She opens the envelope and unfolds the paper, which is clean and fresh. Now she notices more exactly what is on this page. The date, May 10, is in the upper-right-hand corner in a smaller, thicker, more cramped hand than the other writing on the page, as though he wrote it at a different time, either before or after the rest. He writes it first, then stops and thinks, his lips tight shut, or looks for the book he will take the poem from—though that is less likely, because he would have it ready in front of him when he sat down to write. Or he thinks after he is done that he will date it. He reads it over, then dates it. Now she notices that he has put her name at the top, with a comma after it, in line with his name below the poem. The date, her name, comma, then the poem, then his name, period. So the poem is the letter.
Having seen all this, she reads the poem more carefully, several times. There is a word she can't decipher. It comes at the end of a line so she looks at the rhyme scheme and the word it should rhyme with is
pures
, pure (pure thoughts), so that the word she can't read is probably
obscures
, dark (dark flowers). Then she can't read
another two words at the beginning of the last line of the octet. She looks at the way he has formed other capital letters and sees that this capital must be L, and the words must be
La lune
, the moon, the moon that is generous or kind
aux insensés
—to crazed people.
What she had seen first and the only words she could remember as she drove north on the highway were
compagnon de silence
, companion of silence, and some line about holding hands, another about green meadows, prairies in French, the moon, and dying on the moss. She hadn't seen what she sees this time, that although they have died, or these two in the poem have died, they then meet again,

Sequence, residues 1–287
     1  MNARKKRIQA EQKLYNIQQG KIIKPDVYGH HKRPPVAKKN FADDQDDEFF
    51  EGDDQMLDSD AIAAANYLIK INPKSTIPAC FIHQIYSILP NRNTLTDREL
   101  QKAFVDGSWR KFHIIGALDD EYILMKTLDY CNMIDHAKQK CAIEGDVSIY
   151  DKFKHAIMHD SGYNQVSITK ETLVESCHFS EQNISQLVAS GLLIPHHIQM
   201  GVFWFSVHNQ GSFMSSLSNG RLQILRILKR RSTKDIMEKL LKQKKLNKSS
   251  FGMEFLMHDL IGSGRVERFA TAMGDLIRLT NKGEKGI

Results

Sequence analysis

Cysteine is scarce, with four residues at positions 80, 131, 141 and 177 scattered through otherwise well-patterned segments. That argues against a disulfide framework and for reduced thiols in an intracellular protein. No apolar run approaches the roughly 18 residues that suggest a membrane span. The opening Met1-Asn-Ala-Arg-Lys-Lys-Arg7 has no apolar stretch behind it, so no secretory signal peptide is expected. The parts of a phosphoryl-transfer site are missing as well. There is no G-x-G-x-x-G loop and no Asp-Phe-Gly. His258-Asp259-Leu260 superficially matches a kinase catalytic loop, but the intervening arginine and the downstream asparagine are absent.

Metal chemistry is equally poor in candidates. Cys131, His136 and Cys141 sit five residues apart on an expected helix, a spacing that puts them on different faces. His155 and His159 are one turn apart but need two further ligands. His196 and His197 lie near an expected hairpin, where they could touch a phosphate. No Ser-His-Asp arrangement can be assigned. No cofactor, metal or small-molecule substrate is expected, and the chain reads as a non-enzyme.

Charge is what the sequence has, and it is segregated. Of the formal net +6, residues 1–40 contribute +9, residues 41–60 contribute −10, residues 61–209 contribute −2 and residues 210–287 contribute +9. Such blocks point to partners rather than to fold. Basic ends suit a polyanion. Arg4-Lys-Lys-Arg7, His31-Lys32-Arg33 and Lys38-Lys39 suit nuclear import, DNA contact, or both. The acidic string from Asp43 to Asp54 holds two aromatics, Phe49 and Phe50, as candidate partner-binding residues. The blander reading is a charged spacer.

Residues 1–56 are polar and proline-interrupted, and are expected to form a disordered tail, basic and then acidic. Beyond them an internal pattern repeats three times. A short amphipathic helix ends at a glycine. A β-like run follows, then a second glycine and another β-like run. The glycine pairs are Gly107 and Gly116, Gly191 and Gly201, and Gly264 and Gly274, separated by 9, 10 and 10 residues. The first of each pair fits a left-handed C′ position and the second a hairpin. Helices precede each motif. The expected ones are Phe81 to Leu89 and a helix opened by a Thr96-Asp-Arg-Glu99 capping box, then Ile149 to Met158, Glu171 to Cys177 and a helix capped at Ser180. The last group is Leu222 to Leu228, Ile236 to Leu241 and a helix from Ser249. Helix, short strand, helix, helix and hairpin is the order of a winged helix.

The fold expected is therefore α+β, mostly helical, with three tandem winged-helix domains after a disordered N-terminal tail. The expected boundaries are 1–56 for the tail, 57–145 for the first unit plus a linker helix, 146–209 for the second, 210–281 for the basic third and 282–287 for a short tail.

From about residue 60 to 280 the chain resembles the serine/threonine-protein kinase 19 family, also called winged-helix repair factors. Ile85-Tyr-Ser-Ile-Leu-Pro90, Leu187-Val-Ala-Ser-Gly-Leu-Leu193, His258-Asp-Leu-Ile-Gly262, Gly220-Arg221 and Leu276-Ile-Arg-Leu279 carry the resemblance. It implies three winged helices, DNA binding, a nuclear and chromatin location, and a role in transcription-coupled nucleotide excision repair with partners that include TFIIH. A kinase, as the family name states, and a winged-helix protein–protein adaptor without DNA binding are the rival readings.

nous nous retrouvions,
we found each other again, up above, in something
immense
, somewhere, which must be heaven. They have found each other crying. And so the poem ends, more or less, we found each other crying, dear companion of silence. She examines the word
retrouvions
slowly, to make sure of the handwriting, that the letters really spell out finding each other again. She hangs on these letters with such concentration that for a moment she can feel everything in her, everything in the room too, and in her life up to now, gather behind her eyes as though it all depends on a line of ink slanted the right way and another line as rounded as she hopes it is. If there can be no doubt about
retrouvions
, and there seems to be no doubt, then she can believe that he is still thinking, eight hundred miles from here, that it will be possible ten years from
now, or five years, or, since a year has already passed, nine years or four years from now.
But she worries about the dying part of it: it could mean he does not really expect to see her again, since they are dead, after all; or that the time will be so long it will be a lifetime. Or it could be that this poem was the closest thing he could find to a poem that said something about what he was thinking about companions, silence, crying, and the end of things, and is not exactly what he was thinking; or he happened on the poem as he was reading through a book of French poems, was reminded of her for a moment, was moved to send it, and sent it quickly with no clear intention.
She folds up the letter and puts it back in the envelope, lays it on her chest with her hand on top of it, closes her eyes, and after a while, with the light still on, begins to fall asleep. Half dreaming, she thinks that something of his smell may still be in the paper and she wakes up. She takes the paper out of the envelope and unfolds it and breathes deeply the wide white margin at the bottom of the page. Nothing. Then the poem, and she thinks she can smell something there, though she is probably smelling only the ink.